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04 Dec 2009 08:29
Tiger Woods has made it a habit to steal the thunder of the Nedbank Golf Challenge (NGC), which this year teed off on December 3 at the Gary Player Country Club.
It is understood that when he made his first and only appearance at the then-Million Dollar Challenge in 1988, the tournament attracted its biggest attendance (at least of black revellers).
Just as well he lost to the three-time champion Nick Price that year, but even then that was in the play-off and gave fans more value for their money.
Even though he has turned his back on the NGC, Woods continues to loom over it. He moved his own tournament, the Chevron World Challenge back a week, meaning it is also under way in California as I write.
The best golfers in the world have since chosen the Chevron ahead of the NGC and it continues to erode the lustre of Africa’s own major, as the NGC—arguably one of the best-paid tournaments in the world—is called.
Just as we are getting used to a less than satisfactory field, Woods gets involved in a car accident on the eve of the NGC.
So, when headlines are supposed to be about the 12 men chasing the big purse, they are again about Woods.
Some of the world’s best golfers who have played here will be in California.
There is no doubt that McIlroy could have made it to the Chevron, which is more prestigious (despite the NGC prize money) and probably easier to reach from Ireland.
There are only two top 10 players participating in the NGC. Swede Henrik Stenson, who won here last year is back to defend his title.
It is not the weak field that bothers golf fans. If you take a cursory look at the recent record of the 12 players, only McIlroy has been impressive. He has eight top 10 finishes in the last 10 tournaments. In fact, he has finished fourth, third and second respectively in the past three tournaments.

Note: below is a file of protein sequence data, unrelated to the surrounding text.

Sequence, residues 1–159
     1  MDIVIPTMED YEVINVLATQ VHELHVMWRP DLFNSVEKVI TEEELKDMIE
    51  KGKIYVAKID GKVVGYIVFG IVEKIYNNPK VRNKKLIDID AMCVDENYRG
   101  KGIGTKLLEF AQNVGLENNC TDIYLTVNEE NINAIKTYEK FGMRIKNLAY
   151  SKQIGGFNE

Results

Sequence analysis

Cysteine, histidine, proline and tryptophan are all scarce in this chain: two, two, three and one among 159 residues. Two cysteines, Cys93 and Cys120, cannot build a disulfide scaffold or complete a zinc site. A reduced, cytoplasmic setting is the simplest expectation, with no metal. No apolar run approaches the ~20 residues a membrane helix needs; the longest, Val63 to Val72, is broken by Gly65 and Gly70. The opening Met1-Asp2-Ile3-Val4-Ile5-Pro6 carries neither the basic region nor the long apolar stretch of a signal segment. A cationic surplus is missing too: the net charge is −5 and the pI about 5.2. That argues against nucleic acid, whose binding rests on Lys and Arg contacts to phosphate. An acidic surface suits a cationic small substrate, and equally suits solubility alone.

This means that he has had two runner-up finishes in the past three weeks. This could be his weekend to finally taste victory before the end of the year and add to his only other victory this year—the Dubai Desert Classic.
Stenson has had a disastrous year, but he may just remember how he finished nine strokes ahead of Kenny Perry when he won last year. Englishman Ross Fisher won the World Match Play a month ago and would like to make his arrival felt in South Africa, as he did recently in Asia.
But truth be told, it is not easy to call this one, not because of what the contenders have but mostly because of what they do not have—many wins to their names, but none of them recent.
South African fans can only hope that the dark spell that has befallen our stars internationally will finally be cast away.
Between Retief Goosen, former Masters’ winner Trevor Immelman, Tim Clark and former SA Open champion Richard Sterne, there is a great chance to cause an upset.
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